Ellis, Rebecca and Waterton, Claire and Wynne, Brian (2010) Taxonomy, biodiversity and their publics in twenty-first-century DNA barcoding. Public Understanding of Science, 19 (4). pp. 497-512. ISSN 1361-6609Full text not available from this repository.
We examine the crafting of publics in the global Barcoding of Life Initiative (BOLI)—seen as crucial for re invigorating, and democratizing, early-twentyfirst- century taxonomic sciences and hence for actually achieving biodiversity protection. Our approach to the issue of publics differs from that of conventional public understanding of or engagement with science work. Combining science and technology studies with critical political theory allows us to examine the discursive and material formation of publics occurring within the science of DNA barcoding. Co-productionist theory suggests BOLI to be actively crafting its prospective publics imaginatively, as an integral part of its selfcomposition as public science. Drawing on the work of Laclau’s On Populist Reason, we examine how such normatively weighted abstract publics are necessarily chronically incomplete, with an unavoidable tension between the universal and the particular.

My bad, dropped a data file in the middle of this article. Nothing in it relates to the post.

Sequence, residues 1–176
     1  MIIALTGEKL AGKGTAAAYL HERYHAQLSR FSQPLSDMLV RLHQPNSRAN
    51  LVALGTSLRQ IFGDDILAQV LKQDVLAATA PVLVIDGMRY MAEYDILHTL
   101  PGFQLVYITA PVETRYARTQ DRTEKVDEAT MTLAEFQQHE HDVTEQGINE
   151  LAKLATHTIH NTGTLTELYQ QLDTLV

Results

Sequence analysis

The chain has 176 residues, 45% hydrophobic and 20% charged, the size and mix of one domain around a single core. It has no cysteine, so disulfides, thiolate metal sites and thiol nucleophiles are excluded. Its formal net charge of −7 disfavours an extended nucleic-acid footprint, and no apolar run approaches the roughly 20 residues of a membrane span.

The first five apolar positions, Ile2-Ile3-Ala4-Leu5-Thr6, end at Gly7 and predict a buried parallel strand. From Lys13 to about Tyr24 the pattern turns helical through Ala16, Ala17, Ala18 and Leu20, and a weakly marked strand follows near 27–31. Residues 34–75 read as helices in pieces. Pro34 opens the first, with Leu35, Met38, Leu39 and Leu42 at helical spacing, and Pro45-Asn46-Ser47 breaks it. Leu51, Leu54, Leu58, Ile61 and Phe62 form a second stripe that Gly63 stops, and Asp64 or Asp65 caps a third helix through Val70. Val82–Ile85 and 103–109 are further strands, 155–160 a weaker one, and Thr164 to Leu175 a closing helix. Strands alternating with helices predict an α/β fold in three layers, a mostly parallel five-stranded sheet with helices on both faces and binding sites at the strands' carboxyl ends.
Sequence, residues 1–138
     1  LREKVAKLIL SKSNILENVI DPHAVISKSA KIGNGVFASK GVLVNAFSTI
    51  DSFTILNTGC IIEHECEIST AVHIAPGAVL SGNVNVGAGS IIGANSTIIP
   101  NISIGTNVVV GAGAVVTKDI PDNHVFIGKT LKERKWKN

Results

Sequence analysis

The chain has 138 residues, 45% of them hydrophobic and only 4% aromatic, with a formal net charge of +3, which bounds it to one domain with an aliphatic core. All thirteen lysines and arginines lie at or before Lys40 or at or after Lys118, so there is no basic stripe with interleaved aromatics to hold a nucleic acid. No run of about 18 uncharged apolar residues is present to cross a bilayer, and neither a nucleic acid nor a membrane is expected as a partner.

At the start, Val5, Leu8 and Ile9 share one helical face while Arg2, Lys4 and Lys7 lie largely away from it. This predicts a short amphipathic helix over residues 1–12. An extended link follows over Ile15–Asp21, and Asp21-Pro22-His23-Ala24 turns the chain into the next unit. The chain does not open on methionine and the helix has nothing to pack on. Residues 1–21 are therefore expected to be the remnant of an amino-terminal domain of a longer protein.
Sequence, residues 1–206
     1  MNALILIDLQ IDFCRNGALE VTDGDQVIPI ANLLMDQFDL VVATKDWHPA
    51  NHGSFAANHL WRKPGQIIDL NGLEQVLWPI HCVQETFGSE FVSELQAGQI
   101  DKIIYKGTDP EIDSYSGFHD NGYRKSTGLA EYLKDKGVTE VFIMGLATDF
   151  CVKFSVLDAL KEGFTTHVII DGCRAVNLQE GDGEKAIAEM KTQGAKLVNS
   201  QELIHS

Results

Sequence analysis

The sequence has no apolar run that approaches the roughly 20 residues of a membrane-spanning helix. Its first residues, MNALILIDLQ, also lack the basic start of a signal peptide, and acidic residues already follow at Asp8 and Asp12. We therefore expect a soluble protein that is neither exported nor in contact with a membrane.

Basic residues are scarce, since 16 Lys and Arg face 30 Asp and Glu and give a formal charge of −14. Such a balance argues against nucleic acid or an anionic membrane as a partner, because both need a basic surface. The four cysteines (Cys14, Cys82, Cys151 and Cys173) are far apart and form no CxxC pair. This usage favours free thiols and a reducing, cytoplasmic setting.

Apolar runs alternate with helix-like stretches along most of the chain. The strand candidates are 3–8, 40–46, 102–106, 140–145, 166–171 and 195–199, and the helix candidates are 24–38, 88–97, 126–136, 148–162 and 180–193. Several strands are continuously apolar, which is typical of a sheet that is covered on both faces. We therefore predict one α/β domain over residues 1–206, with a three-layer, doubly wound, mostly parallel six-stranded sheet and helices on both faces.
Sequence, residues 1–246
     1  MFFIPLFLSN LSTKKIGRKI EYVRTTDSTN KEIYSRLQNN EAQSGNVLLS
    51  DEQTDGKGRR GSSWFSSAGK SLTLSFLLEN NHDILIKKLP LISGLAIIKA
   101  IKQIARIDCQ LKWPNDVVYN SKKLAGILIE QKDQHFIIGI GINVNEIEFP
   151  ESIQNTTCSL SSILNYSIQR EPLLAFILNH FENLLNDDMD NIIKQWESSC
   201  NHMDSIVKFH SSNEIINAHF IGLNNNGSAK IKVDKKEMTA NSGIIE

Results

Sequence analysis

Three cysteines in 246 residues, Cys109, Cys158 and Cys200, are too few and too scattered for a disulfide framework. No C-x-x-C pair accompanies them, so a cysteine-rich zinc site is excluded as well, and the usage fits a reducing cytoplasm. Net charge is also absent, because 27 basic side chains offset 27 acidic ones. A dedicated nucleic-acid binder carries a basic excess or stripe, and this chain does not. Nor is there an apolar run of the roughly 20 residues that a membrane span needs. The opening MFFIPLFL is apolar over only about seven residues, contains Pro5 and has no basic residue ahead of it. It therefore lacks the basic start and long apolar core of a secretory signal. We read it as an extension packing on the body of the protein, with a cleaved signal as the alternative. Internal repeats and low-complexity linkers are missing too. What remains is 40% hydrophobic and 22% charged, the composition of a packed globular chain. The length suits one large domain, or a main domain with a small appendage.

|Journal or Publication Title:||Public Understanding of Science|
|Subjects:||G Geography. Anthropology. Recreation > G Geography (General)|
|Departments:||Faculty of Arts & Social Sciences > Politics & International Relations (Merged into PPR 2010-08-01)|
Faculty of Arts & Social Sciences > Sociology
Faculty of Science and Technology > Lancaster Environment Centre
|Deposited By:||Dr Rebecca Ellis|
|Deposited On:||25 Jun 2010 14:28|
|Last Modified:||07 Jan 2015 15:34|
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